Planting the Flag: Naming Black Los Angeles' Neighborhoods (or Not)

A mural in Leimert Park. | Photo: ATOMIC Hot Links/Flickr/Creative Commons License

The official roster of ethnic enclaves in L.A. and SoCal that range from Koreatown to Little Saigon in Orange County has just gotten bigger with the addition of the El Salvador Community Corridor, a ten-block stretch of Vermont Avenue between 11th Street and Adams Boulevard. The designation comes at the behest of Salvadoran community and business advocates who want to band together to do two things simultaneously: embrace their roots and create an economic engine for a somewhat overlooked and still impoverished Latino demographic in a city in which the dominant Latino group is Mexican. The idea is to make the Salvadoran scene visible and also an attraction for people who want to visit ethnically distinct but tourist-friendly (i.e., non-white) parts of the city that give us our well-deserved reputation of being the most diverse city in America.

"Diverse" is a word that gets under my skin -- excuse the expression -- because it's one of those post-'92 terms that's based on the idea of black inclusion but never seems to achieve it.

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Nor is anyone really looking to achieve it anymore; increasingly, diversity seems directed at immigrant and religious groups, not blacks who in many ways are still living as marginally as Salvadorans who fled the civil wars of their native country back in the '80s. I get the shift. The immigrant narrative is clear and distinct, the move from there to here easy to trace. Most importantly, Americans see immigrant history as separate from their own (however flawed that view is), a simple story of people under duress seeking freedom and opportunity in a land built on that notion. However much we grumble about "illegals" and undocumenteds, immigration as a concept bolsters our positive self-image of being good, expansive, and worthy.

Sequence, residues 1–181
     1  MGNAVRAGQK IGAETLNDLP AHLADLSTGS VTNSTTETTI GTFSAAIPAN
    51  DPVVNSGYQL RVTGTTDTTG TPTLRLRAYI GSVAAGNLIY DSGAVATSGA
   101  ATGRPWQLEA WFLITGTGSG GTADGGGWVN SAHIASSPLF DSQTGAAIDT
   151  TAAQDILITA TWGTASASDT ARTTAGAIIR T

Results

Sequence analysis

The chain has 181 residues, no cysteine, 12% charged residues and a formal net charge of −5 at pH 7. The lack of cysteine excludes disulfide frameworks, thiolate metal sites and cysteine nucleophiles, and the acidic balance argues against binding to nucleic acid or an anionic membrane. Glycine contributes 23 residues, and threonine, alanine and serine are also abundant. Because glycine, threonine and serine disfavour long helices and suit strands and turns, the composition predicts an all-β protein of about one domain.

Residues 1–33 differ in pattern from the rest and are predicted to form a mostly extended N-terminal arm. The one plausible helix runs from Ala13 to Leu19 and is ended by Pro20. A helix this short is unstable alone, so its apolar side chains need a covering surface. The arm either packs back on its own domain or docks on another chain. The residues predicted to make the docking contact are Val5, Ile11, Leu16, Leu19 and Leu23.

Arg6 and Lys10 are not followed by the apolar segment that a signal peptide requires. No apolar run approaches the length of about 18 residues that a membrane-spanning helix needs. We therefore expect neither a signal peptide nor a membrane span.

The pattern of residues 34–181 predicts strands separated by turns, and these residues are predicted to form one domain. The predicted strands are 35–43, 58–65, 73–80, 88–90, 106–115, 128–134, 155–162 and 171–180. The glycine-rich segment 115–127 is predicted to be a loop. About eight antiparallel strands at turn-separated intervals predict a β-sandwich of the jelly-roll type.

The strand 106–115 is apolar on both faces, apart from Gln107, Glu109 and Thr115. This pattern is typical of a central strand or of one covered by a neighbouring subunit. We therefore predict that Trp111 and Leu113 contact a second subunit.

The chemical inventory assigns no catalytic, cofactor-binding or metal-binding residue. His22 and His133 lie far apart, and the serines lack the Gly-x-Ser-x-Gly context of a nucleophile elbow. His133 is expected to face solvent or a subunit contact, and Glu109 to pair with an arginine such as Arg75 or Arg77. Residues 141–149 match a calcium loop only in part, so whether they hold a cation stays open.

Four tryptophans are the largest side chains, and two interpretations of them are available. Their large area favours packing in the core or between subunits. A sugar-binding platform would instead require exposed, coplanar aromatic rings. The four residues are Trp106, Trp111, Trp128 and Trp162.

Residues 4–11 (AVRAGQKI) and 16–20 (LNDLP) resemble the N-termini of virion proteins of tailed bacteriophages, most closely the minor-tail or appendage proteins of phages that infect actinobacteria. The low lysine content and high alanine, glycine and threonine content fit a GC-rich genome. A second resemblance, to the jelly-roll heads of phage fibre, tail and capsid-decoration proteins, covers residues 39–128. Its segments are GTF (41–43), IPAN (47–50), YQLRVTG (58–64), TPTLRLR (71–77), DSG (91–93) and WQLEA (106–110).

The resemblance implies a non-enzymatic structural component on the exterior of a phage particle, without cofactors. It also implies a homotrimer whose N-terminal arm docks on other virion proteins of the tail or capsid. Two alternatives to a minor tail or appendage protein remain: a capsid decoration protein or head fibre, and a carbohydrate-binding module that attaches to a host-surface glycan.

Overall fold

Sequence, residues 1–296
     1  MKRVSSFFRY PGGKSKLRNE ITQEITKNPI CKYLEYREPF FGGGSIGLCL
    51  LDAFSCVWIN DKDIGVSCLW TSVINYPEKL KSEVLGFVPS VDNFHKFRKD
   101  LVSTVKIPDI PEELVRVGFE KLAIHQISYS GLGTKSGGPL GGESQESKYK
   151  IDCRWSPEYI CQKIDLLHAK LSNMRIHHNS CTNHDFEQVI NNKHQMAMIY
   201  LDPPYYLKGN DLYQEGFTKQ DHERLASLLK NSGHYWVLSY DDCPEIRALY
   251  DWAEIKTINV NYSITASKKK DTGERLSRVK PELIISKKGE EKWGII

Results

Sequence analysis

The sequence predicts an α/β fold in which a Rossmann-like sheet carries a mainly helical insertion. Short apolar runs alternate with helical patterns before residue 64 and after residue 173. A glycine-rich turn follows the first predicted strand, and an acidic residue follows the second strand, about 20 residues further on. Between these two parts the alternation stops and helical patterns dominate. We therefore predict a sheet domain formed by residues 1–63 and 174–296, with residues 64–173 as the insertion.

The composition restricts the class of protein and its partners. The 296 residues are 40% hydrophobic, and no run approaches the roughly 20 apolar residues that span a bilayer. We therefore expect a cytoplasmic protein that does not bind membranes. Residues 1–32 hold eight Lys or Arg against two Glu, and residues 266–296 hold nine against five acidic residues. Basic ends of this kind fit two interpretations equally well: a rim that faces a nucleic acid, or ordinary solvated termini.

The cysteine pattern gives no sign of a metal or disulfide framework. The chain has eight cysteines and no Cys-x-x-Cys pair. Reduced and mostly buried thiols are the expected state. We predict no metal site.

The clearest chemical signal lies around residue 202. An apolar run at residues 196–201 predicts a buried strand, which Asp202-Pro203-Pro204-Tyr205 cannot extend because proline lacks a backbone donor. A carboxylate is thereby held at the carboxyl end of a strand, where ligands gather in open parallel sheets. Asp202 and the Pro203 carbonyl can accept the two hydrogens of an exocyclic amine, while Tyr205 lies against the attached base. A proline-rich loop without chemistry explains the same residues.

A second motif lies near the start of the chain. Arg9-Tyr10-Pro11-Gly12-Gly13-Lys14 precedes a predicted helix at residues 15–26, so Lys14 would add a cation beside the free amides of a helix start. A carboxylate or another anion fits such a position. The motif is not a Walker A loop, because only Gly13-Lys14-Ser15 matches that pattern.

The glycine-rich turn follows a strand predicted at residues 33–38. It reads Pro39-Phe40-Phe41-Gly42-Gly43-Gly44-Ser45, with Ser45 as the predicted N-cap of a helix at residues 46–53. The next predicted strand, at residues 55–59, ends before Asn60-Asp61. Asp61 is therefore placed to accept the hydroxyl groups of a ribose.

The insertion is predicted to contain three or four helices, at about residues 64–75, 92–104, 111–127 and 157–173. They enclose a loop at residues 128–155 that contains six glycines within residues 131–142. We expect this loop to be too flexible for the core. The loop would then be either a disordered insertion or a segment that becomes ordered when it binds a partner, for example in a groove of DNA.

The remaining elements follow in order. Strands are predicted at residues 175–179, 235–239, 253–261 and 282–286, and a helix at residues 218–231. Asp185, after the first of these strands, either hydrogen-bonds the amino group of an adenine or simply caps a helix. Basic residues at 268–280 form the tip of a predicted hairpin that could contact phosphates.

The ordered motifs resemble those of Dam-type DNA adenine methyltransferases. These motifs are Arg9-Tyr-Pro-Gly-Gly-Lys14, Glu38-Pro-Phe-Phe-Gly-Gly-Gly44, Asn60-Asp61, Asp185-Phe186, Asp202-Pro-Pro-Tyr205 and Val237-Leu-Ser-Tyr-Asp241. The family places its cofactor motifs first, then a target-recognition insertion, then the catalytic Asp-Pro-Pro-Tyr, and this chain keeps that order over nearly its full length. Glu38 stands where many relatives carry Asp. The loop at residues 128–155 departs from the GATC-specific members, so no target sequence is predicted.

The black narrative is the opposite of that and always has been. It is complicated, tortured, unresolved, and an integral part of the American narrative that doesn't exactly make anybody feel good, including blacks themselves. And yet we do consider black culture -- soul food and such -- as ethnic because of its undeniable African roots. Even the ubiquity of hip-hop and other thoroughly commodified aspects of black culture haven't entirely erased that sense of ethnic specificness. Indeed, that is hip-hop's appeal.

It's a strange position to be in. The newly christened Salvadoran corridor reminded me of similar but ill-fated efforts undertaken by some African Americans in the aftermath of 1992, when blacks were casting about for the best ways to rebuild a community that had frankly been in decline for decades. Then came a proposal to re-name Leimert Park Village, a one-block collection of shops, music, food, arts and so forth, as African-American Village. The argument went that Korea had Koreatown, Thais had Thai Town -- it was high time blacks had something like that for themselves, something to boost their own visibility and economic potential. On the surface, it was a no-brainer.